Thread abort

    Sometimes in the code you need to stop the execution of one of the threads. For this, you can use the thread.Abort () method;

    var thread = new Thread(() => {
           try {
           catch (ThreadAbortException e) {

    When the Abort method is called, a ThreadAbortException is thrown in the thread being stopped. We analyze its features. For example, the following code:

    var thread = new Thread(() => {
           try {
           } catch (ThreadAbortException e) {

    Absolutely equivalent to this:

    var thread = new Thread(() => {
           try {
           catch (ThreadAbortException e) {

    If you still need to handle ThreadAbort and perform some other actions in the stream that is stopped, then you can use the Thread.ResetAbort () method; It stops the process of stopping the thread and the exception stops prokidyvatsya higher in the stack. It is important to understand that the thread.Abort () method by itself does not guarantee anything - the code in the stream being stopped may prevent it from stopping.

    Another feature of thread.Abort () is that it will not be able to interrupt the code if it is in catch and finally blocks.

    Inside the framework code, you can often find methods that have a try block empty, and all the logic is inside finally. This is done in order to prevent this code from being interrupted by a ThreadAbortException.

    Also calling the thread.Abort () method waits for a ThreadAbortException to be thrown. Let us combine these two facts and get that the thread.Abort () method can block the calling thread.

    var thread = new Thread(() =>
        try { }
            catch { } // <-- No ThreadAbortException in catch
            finally { // <-- No ThreadAbortException in finally
                Thread.Sleep(- 1);
    thread.Abort(); // Never returns

    In reality, this can be encountered when using the using construct. It unfolds in try / finally, and Dispose is called inside finally. It can be arbitrarily complex, contain calls to event handlers, use locks. And if thread.Abort was called during execution, Dispose - thread.Abort () will wait for it. So we get a lock almost from scratch.

    In the .NET Core, the thread.Abort () method throws a PlatformNotSupportedException. And I think this is very good, because it motivates to use not thread.Abort (), but non-invasive methods of stopping code execution, for example, using CancellationToken.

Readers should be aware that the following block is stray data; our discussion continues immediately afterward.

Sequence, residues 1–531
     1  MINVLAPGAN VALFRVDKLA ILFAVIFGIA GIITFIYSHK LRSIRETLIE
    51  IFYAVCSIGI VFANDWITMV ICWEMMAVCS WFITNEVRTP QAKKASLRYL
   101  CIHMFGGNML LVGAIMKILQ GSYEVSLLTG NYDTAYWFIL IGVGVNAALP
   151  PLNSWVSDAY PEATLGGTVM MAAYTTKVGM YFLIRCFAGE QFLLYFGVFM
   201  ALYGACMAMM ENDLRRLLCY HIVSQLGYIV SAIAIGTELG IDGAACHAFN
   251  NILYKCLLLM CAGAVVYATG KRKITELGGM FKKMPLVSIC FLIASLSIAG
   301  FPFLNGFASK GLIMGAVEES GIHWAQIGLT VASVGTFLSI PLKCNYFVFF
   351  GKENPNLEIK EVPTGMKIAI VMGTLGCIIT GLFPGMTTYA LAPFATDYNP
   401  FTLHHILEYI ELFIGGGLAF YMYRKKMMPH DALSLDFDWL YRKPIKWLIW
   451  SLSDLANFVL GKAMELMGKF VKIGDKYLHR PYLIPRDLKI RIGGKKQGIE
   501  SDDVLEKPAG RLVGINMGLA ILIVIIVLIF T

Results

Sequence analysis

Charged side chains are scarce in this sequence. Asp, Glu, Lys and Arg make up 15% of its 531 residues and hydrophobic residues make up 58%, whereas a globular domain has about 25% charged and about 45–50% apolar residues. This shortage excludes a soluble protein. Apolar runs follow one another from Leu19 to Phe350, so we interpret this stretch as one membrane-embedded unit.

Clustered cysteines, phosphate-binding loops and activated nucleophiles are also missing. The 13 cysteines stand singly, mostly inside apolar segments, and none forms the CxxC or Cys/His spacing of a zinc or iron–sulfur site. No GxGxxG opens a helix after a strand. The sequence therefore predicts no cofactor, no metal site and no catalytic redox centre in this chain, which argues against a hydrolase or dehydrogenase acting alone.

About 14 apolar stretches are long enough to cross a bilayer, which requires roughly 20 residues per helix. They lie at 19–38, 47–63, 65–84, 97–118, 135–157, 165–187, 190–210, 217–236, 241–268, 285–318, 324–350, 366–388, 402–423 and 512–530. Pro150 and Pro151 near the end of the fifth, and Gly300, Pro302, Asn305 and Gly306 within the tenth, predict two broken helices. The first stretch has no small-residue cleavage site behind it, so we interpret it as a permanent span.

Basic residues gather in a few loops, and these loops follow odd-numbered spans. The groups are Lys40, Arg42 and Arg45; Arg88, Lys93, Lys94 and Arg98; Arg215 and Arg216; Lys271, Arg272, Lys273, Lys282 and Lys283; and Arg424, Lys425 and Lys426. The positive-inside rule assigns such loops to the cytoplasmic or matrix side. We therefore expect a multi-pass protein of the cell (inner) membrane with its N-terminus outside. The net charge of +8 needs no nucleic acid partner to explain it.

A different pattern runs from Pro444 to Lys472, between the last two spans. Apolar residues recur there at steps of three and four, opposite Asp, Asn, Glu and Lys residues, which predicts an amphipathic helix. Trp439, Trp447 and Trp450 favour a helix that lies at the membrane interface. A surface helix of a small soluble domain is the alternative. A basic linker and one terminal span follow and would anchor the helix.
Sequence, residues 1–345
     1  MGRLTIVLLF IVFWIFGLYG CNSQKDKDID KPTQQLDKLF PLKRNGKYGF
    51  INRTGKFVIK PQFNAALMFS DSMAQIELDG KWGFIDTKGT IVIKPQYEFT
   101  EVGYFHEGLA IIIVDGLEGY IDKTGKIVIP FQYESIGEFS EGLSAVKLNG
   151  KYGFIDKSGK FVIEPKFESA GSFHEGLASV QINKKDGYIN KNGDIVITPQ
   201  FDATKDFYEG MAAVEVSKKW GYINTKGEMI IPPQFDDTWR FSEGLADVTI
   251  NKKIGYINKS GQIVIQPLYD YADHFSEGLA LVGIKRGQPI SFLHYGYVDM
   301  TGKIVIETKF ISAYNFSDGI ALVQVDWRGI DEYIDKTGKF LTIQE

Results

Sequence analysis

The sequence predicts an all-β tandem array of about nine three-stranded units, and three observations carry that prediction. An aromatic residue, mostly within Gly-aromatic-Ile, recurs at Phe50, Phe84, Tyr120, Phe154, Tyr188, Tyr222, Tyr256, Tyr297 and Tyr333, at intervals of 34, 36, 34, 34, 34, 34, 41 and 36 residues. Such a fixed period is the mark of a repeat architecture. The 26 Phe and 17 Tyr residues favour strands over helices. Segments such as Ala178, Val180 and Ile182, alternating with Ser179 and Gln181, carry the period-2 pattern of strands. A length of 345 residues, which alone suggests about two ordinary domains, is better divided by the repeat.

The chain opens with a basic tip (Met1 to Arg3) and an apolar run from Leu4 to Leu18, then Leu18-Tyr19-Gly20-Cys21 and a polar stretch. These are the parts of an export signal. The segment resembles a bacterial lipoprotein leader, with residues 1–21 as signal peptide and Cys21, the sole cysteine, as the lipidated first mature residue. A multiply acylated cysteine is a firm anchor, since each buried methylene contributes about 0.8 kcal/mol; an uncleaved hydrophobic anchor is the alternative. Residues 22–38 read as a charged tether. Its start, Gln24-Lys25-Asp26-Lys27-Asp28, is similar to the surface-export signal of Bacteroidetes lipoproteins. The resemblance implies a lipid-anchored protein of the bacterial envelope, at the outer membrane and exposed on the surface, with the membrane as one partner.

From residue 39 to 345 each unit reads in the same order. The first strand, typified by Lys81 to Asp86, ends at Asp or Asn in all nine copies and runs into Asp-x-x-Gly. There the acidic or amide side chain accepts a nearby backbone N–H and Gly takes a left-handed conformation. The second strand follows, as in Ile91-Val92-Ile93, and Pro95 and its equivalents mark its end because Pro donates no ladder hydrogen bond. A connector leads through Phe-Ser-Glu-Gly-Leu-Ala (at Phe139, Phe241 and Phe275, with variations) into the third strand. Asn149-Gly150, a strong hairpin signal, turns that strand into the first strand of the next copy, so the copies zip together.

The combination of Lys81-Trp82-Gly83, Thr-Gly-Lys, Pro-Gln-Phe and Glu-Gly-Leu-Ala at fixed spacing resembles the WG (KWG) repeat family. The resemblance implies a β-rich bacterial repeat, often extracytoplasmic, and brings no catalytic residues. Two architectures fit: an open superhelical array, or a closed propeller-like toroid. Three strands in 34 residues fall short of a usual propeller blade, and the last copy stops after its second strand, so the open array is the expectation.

This exception can be obtained if the memory on the machine is less than what is required. Or when we came up against the limitations of the 32-bit process. But you can get it, even if the computer has a lot of free memory, and the process is 64-bit.

    var arr4gb = newint[int.MaxValue/2];

    The code above will throw OutOfMemory. The thing is that in the default data objects with no more than 2 GB are not allowed. This can be fixed by setting gcAllowVeryLargeObjects in App.config. In this case, an array of 4 GB will be created.

    And now we will try to create an array even more.

    var largeArr = newint[int.MaxValue];

    Now even gcAllowVeryLargeObjects will not help. All due to the fact that in .NET there is a limit on the maximum index in the array . This limit is less than int.MaxValue.

    Max array index:

    • byte arrays - 0x7FFFFFC7
    • other arrays - 0X7F E FFFFF

    In this case, an OutOfMemoryException will occur, although in reality we have rested on the data type restriction, and not on the lack of memory.

    Sometimes OutOfMemory is explicitly thrown away by managed code inside the .NET framework:

    This is an implementation of the string.Concat method. If the length of the result string is greater than int.MaxValue, then an OutOfMemoryException is immediately thrown.

    Let us turn to the situation when OutOfMemory arises in the case, when the memory really ends.

    try {
           while (true)
    } catch (OutOfMemoryException e) {

    First, we limit the memory of our process to 64 MB. Next, inside the loop, select new arrays of bytes, save them to some sheet so that the GC does not collect them, and try to catch OutOfMemory.

    In this case, anything can happen:

    • Exception will be processed
    • The process will fall
    • Go to catch, but the exception will crash again.
    • Go to catch, but StackOverflow will crash.

    In this case, the program will turn out to be absolutely non-deterministic. Let's sort all options:

    1. Exception can be handled. Inside .NET, nothing prevents you from handling OutOfMemoryException.
    2. The process may fall. Do not forget that we have a managed application. This means that not only our code is executed inside it, but also runtime code. For example, GC. Thus, a situation may occur when the runtime wants to allocate memory for itself, but cannot do it, then we will not be able to catch the exception.